A game that the creators of Wonder Boy never finished finally finds a physical release, much to the delight of old-school arcade gamers. Let’s see if this laborious pixelated restoration project has been worth it.
Beyond the final result that a game like this may have, the mere fact that we are commenting on the arrival of Clockwork Aquario in 2021 should be a joy for retro lovers. For those of you who don’t know its history, Clockwork Aquario was a project for arcade machines that Westone, the company responsible for the Wonder Boys, had to cancel in 1994. Decades later, Inin Games has restored and finished it, under the distribution of Strictly Limited Games . And finally, after suffering its delays, Clockwork Aquario arrives on PS4 and Switch so that we can see and enjoy this project that has been in limbo for 27 years. As the legendary Ryuichi Nishizawa and the restorers told us in an interview, the game was incomplete when it was abandoned. It was working with tools that no longer exist, so a good part of the game had to be rebuilt. Graphics and sound. But they succeeded, and, before us, we have an action arcade platformer, which is somewhat reminiscent of games like Wonder Boy: Monster Lair. We must choose between 3 heroes: Huck, Elle and Gush, to overcome platformer levels plagued by windup enemies.
Aside from their fun animations, the heroes have the same moves (although the Gush robot is more enormous), and the goal is simple. We can stun enemies by jumping from them, hitting them from below or hitting them head-on. If we approach them after that, we will catch them and launch them to eliminate other enemies from a distance. We can keep them in hand for as long as we need, so while the dynamic is simple, we have some “strategy” to reserve that shot. We can also take a “warning” hit before losing a life, and if we find a potion, we can heal ourselves. There is also a star that makes us invulnerable and more aggressive for a few seconds or a few diamonds. Those diamonds fill up an extra life meter that, when filled… Well, you know what it gives us. We can also earn lives by accumulating points, either by eliminating enemies or executing combos to explode the balloons that we find. The five levels that we see usually have a “mini-boss” in the middle of the route, and a gigantic and bizarre final boss always awaits us, which is a kind of mecha controlled by the villain of the game.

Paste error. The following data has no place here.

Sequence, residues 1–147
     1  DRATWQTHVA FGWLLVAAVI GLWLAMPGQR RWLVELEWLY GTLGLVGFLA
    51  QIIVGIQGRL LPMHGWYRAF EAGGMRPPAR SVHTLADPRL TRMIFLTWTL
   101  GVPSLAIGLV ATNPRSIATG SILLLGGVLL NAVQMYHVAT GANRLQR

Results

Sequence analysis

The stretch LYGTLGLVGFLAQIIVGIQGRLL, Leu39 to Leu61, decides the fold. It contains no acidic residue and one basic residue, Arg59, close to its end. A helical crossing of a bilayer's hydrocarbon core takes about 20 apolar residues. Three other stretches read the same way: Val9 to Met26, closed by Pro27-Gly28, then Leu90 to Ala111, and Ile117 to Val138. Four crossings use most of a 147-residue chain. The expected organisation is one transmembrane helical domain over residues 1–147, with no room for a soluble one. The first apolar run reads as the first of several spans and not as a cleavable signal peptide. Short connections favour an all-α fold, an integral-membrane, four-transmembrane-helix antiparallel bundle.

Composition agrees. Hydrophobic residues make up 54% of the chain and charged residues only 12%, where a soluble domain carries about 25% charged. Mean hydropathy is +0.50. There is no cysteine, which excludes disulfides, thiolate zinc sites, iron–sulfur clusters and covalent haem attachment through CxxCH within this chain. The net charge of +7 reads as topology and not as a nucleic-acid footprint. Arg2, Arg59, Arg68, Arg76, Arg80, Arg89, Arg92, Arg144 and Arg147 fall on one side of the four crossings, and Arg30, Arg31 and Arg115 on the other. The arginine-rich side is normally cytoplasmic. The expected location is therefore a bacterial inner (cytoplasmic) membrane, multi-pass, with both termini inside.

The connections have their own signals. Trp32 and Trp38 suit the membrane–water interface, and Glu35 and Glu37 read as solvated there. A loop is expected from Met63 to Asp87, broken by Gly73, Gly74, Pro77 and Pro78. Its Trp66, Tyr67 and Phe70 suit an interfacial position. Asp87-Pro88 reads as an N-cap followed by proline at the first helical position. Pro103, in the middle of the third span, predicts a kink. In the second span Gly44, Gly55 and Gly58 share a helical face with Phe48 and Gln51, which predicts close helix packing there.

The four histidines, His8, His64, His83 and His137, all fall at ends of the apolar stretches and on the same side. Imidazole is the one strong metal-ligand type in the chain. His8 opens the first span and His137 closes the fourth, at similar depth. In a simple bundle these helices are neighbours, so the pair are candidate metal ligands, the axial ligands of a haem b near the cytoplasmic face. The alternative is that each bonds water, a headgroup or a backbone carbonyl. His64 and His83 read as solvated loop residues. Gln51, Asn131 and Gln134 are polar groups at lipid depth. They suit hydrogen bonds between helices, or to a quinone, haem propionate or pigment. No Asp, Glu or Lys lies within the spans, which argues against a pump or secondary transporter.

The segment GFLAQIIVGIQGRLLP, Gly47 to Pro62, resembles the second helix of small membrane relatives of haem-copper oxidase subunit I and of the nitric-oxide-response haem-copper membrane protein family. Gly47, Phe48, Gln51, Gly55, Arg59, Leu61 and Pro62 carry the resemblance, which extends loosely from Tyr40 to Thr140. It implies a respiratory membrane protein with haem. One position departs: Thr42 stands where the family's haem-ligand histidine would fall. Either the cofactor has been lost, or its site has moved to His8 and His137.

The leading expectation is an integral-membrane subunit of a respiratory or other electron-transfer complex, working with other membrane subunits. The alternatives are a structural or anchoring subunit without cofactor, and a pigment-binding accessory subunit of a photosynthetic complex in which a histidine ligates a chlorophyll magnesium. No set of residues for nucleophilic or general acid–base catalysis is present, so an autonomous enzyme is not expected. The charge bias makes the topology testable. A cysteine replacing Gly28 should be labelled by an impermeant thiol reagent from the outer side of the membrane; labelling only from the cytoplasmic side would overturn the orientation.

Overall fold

As you can see, the rules are simple, although sometimes the challenges are complicated to the point that we almost lose several lives in a row without realizing it. Well, after all, this is an arcade, and it has to be a challenge… Still, the difficulty curve doesn’t seem well smoothed out, and sometimes it reaches excessive peaks, which mixes with unnecessarily easy challenges. In any case, and although it is possible to play solo, the natural grace of Clockwork Aquario is in playing doubles cooperatively since the game was conceived for multiplayer. In this mode, we can jump on the other player to get higher or pick him up as a projectile without getting hurt. In addition, only in multiplayer can we access bonus phases in which we have to shoot the balloons that our partner has behind him before he does the same. Whoever pops other people’s balloons first wins.
As you can imagine, all these multiplayer dynamics give rise to very crazy and fun moments. However, it is true that, since the game is so colourful, sometimes we can lose sight of the character between so many tiny stars and explosions. And it is that, if there is a sensation that the game conceived by Westone wants to convey, that is joy, seasoned with a great sense of humour. The characters don’t stop making faces or crying when they are hit, and it is very nice to see how they make a complaining face when they receive a hit. Everything has that uninhibited, colourful Wonder Boy vibe but reimagined with a steampunk twist for the game. Without a doubt, it breathes that ” Japanese charm ” that the arcades of the 80s and 90s had.
By the way, the music is by Shinichi Sakamoto (the composer of the BSO for Wonder Boy III, among others), and it’s an absolute joy. The characters have some digitized voices, but they are not of good quality and tend to repeat themselves. And, of course, since this game has so much history, the developers have packed several surprises for the fans, in addition to playing in 3 different difficulties (which differ in the number of “continues” available; basically, we can unlock Recreational mode to continue as many times as we want and even access the machine’s service menu to fiddle with its options.
Also, before starting the game, we can choose to play in perfect proportion, 4:3 or 16:9, in addition to activating all kinds of scanlines or an image distortion effect that simulates the curvature of old tube monitors. The result is more convincing (and much more customizable) than in other similar games. For dessert, we have various conceptual artwork and a sound test that allows us to listen to both the original melodies and new remixes created for the occasion.
All in all, Clockwork Aquario is relatively inconsequential as a game itself and has a few design and gameplay flaws. Still, it’s a fun challenge for those who want something straightforward to enjoy together (needless to say, it lends itself to being played with kids, even little that they already have some gaming ability). And, above all, it is the living testimony that you should never give up on a project, no matter how many years pass, if you find people with the same love for retro as you do, who are willing to lend a pixelated hand.